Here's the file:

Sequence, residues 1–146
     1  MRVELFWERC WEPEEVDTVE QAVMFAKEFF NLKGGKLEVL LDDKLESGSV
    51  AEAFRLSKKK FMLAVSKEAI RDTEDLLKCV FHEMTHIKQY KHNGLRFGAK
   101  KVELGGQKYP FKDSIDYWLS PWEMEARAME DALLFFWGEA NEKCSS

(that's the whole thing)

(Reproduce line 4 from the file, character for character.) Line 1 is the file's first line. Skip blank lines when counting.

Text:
   101  KVELGGQKYP FKDSIDYWLS PWEMEARAME DALLFFWGEA NEKCSS